SMX030 Figure 1 Comparison of crystallization methods

    Figure 1: Comparison of conventional crystallization and the CS method.


    We chose five compounds of agrochemicals and their expected metabolites as analytes, including pentachlorophenol (PCP), its metabolites, 2,3,4,5-tetrachlorophenol (TCP) and 2,3,5,6-TCP, and metabolites of 1,1-bis(4-chlorophenyl)-2,2,2-trichloroethane (DDT), 4,4’-dichlorobenzophenone (4,4’-DBP) and 4,4’-dichloro-2,2-diphenylethanol (4,4’-DDOH) (Figure 2a). PCP and DDT were eliminated by Stockholm Convention on Persistent Organic Pollutants (POPs) in 2001, and their residue and degradation in environment and crops has attracted much attention.

    Preparation of an inclusion crystal was implemented using reported methods (Figure 2b).1,3 To one single crystal of CS stored in 50 µL of cyclohexane in a glass vial, a dichloromethane solution of an analyte (1-5 µg) was added. The vial was sealed with a plastic cap pierced with a syringe needle and was kept at room temperature to allow the solvent to be evaporated slowly to dryness. The resultant inclusion crystal was picked up and mounted on Rigaku XtaLAB Synergy-S or XtaLAB Synergy-Custom FR-X diffractometer (Cu Kα) to obtain diffraction images. Data collections were conducted at 100 K, and were typically completed in 1–12 hours with 100% completeness in a resolution range of > 0.83 Å.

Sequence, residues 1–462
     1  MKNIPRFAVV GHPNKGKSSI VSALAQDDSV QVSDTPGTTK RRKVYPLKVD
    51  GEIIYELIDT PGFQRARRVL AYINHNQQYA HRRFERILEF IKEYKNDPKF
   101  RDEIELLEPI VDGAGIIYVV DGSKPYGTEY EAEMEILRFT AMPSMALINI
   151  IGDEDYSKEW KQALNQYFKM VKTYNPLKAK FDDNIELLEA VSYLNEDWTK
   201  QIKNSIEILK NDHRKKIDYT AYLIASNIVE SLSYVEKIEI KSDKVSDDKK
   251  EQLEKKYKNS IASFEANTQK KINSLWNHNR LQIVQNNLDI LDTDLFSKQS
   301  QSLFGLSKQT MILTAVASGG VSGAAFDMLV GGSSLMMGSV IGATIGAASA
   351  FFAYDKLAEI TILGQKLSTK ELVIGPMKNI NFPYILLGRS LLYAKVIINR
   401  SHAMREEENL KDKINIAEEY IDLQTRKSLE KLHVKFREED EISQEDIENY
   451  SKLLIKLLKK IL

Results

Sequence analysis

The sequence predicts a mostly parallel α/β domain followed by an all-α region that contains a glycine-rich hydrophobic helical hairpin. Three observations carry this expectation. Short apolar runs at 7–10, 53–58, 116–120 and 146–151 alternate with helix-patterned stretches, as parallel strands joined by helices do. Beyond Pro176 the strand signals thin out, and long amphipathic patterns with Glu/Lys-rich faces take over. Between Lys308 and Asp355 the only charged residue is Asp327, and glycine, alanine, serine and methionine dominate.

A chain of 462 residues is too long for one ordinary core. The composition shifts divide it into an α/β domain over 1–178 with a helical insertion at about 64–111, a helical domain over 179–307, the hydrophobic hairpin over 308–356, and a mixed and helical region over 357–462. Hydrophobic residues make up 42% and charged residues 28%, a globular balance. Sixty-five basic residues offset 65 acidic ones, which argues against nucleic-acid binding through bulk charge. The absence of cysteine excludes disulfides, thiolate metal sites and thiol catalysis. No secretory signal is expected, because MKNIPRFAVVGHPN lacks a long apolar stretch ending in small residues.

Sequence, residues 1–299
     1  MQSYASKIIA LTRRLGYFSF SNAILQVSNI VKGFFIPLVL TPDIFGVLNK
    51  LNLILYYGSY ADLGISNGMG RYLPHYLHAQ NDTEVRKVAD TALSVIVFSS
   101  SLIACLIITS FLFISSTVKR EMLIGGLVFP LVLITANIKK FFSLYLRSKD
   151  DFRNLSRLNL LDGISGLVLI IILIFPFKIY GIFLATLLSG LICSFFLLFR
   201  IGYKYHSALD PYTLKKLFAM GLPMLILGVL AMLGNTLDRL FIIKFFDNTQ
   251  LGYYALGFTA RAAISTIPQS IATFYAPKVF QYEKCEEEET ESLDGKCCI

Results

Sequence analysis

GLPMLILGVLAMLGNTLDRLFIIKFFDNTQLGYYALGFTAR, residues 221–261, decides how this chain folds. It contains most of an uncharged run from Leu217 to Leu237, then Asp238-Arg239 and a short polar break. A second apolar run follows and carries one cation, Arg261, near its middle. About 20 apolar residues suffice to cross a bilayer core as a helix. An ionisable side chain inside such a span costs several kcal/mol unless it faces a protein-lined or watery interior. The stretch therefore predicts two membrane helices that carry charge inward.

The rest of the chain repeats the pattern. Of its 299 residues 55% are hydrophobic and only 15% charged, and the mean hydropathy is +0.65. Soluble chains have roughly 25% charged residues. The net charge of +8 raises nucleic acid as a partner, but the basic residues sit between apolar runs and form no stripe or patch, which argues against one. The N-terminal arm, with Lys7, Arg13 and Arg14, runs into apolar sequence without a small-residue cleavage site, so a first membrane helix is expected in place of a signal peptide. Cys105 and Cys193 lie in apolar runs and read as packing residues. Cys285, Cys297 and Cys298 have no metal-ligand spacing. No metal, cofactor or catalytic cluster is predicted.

SMX030 Figure 2 agrochemicals and metabolites

    Figure 2: (a) POPs agrochemicals and their expected metabolites investigated and (b) typical sample preparation procedure. 

    Results and discussion